Of all the changes taking place in Miami right now, one of the least appreciated may be the region’s growth as a technology hub.
For many who associate the city, and South Florida, with Art Deco architecture, sunny beaches, and tourism, Miami’s selection as one of Amazon’s 20 finalists cities for its HQ2 contest may have come as a surprise.
But there’s much more happening in Miami, and many in the local tech scene see the momentum increasing.
“Miami is in the midst of a transformation,” says Philippe Houdard, a Harvard-educated Frenchman who co-founded Pipeline, a network of shared workspaces in Miami and other U.S. cities. “Historically, the economy here hasn’t been diverse. But it’s changing, and the tech sector has played a key role.”
Last year, area startups received $1.3 billion in venture capital funding, placing Miami eighth on the list of U.S. cities in terms of VC activity, right between Seattle and Chicago. Silicon Valley doesn’t have anything to fear anytime soon; San Francisco startups attracted $23.4 billion in funding in 2017, or 34 percent of the nation’s total.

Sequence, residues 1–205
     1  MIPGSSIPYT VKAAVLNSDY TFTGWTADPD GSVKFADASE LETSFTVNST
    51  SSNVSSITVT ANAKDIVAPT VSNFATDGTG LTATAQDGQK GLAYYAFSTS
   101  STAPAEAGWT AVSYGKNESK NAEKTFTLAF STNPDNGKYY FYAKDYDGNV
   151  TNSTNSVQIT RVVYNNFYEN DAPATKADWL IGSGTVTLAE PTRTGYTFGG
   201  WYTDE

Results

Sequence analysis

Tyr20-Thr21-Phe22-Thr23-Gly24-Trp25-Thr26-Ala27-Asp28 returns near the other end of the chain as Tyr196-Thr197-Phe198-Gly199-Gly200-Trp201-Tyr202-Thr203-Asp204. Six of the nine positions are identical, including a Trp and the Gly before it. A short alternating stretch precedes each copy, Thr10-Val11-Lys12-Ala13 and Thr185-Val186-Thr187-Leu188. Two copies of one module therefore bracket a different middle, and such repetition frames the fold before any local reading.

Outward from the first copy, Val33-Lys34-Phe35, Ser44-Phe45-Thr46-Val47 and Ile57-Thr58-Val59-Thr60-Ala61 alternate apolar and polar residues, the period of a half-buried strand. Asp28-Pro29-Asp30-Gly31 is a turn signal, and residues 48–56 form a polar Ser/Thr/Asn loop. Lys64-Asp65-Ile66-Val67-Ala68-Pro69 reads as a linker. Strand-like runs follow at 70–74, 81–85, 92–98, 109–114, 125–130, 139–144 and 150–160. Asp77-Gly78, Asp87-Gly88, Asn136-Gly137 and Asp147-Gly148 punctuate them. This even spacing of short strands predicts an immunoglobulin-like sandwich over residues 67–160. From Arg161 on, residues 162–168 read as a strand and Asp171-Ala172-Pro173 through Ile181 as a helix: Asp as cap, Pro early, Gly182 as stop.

For Houdard and others, Miami has different strengths, and many see a different route forward. As Trabian Shorters, a black social impact entrepreneur, explained in an op-ed, if the region embraces its diversity, it can chart a path to a better future.
“For Miami to be successful in technology, it can’t imitate Silicon Valley’s notorious white-guys-only approach from the 1980s – excluding the women, Latinos and African Americans who make up America’s full team of genius,” he wrote.
Can Miami raise its profile as an innovation hub?